Even stranger, Amy’s solutions were both different to Bob’s.

What were the solutions that Bob and Amy found?


Puzzle #40: Light bulb moment

From New Scientist #3263, 4th January 2020 [link] [link]

A tall office building is being rewired. There is a staircase, but the lift is out of action.

There are four identical-looking wires, A, B, C and D, feeding into a pipe in the ceiling of the basement. You are reasonably confident that it is those same four wires that emerge from a pipe on the top floor. Unfortunately the wires have become tangled, so it isn’t known which wire becomes 1, 2, 3 or 4.

To find out, you can join two wires together in the basement (for example A and C) and you can attach two wires at the other end to a light bulb and battery (for example 1 and 3). If the bulb lights, you have made a circuit.

Starting in the basement, what is the smallest number of light bulb flashes that you need in order to figure out which wire is which? And how many times do you need to climb the stairs?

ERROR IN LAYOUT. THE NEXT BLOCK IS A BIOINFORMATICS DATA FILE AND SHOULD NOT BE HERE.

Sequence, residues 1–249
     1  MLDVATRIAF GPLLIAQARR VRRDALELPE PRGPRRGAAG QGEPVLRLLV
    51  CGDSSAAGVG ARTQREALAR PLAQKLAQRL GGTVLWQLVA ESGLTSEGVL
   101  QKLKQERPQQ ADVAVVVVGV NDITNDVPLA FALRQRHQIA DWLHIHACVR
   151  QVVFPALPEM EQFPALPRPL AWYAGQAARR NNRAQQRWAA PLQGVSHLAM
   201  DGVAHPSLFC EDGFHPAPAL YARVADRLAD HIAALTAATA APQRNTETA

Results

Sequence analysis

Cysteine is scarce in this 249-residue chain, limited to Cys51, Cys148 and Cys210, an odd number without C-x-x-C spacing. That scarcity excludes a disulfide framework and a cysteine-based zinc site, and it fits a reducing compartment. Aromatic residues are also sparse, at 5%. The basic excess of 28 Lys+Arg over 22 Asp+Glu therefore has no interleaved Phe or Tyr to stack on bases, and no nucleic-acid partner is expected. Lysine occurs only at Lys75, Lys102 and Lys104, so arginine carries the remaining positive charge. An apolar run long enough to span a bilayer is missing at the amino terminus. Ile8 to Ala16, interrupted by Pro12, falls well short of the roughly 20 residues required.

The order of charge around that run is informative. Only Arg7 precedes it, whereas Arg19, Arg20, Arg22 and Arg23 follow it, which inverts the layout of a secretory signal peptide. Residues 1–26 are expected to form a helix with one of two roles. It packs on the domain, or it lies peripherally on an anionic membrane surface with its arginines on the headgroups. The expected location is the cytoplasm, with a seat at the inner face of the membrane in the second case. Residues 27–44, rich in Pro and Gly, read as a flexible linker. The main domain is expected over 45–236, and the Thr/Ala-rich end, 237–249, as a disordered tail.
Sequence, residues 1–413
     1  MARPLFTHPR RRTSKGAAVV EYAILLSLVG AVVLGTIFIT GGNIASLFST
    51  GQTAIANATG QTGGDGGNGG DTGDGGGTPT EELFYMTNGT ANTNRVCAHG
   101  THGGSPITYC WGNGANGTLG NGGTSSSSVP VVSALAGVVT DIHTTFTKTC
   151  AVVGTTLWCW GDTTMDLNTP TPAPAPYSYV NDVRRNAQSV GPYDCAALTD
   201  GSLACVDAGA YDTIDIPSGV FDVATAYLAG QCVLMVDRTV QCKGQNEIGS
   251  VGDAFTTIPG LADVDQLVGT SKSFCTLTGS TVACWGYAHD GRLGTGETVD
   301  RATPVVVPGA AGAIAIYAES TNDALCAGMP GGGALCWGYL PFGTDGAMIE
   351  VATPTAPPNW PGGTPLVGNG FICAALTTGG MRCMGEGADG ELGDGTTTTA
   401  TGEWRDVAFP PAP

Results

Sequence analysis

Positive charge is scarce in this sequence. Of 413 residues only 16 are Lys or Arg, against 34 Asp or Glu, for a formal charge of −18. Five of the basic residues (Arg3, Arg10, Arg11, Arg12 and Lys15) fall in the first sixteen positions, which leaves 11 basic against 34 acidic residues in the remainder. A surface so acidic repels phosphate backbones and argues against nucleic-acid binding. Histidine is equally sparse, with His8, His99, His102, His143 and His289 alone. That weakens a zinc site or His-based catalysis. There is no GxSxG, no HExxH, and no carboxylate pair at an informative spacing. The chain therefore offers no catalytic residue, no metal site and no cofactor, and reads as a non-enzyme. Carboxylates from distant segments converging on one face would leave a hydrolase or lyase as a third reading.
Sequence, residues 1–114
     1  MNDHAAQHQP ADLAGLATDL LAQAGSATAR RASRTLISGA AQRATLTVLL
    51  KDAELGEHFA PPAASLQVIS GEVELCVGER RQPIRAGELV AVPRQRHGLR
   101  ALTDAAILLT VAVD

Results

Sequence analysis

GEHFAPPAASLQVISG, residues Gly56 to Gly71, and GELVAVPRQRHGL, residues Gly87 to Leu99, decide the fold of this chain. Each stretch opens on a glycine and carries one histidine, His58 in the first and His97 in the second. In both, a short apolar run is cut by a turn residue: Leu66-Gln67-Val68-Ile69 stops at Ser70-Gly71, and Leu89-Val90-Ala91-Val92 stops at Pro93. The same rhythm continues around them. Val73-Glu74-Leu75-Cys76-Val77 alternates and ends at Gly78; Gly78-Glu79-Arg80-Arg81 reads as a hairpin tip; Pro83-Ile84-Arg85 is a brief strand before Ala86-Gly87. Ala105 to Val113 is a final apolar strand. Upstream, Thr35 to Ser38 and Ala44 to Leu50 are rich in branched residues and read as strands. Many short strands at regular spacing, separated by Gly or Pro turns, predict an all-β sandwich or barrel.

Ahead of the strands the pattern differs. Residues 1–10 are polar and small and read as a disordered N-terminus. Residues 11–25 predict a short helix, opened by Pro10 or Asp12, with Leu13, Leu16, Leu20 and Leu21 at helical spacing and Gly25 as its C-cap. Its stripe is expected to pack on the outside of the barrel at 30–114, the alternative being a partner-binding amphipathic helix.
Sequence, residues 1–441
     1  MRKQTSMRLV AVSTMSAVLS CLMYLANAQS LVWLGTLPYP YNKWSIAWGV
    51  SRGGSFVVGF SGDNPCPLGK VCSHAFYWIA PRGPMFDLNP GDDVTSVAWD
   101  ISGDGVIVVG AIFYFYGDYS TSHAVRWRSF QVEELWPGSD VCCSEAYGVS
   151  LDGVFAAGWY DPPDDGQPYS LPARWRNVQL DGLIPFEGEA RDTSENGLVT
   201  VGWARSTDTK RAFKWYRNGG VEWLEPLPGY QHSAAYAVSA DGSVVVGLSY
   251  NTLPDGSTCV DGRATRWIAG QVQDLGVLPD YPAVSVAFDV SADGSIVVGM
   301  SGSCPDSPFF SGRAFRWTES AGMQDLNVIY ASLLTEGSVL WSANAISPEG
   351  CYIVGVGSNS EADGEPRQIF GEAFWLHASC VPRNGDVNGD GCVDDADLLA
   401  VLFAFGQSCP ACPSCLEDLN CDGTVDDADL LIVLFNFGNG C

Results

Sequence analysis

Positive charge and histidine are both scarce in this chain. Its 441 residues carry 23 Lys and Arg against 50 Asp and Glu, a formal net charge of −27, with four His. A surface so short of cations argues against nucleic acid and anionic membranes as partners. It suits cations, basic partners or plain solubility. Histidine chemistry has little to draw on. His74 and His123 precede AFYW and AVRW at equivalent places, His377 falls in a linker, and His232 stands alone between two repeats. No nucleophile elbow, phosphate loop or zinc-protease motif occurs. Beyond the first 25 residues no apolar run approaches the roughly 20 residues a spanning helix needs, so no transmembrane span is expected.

Puzzle #30: Sticking in a pin

From New Scientist #3256, 16th November 2019 [link] [link]

Sachin tells me that the four-digit PIN that he uses for his credit card has an unusual property. When he enters his PIN into a calculator and squares it, the last four digits of the answer are also his PIN. He tells me that exactly one of the digits in his PIN is a zero, but he won’t tell me which position it is in.

What is Sachin’s PIN?


Puzzle #23: Circling the squares

From New Scientist #3249, 28th September 2019 [link] [link]

Darts player Juan Andred has noticed that on a standard dartboard, there are some neighbouring pairs of numbers that add up to a square number. For example, 20 and 5 make 25, while 6 and 10 add up to 16. He has been wondering if he can come up with a new arrangement of the numbers 1 to 20 so that all neighbouring pairs add up to a square number. And he has nearly succeeded.

He has 20 at the top of the board, and every pair of neighbours adds to a square — with one exception. On his new board, 18 doesn’t form a square with its clockwise neighbour, which is 15, or with its anticlockwise neighbour.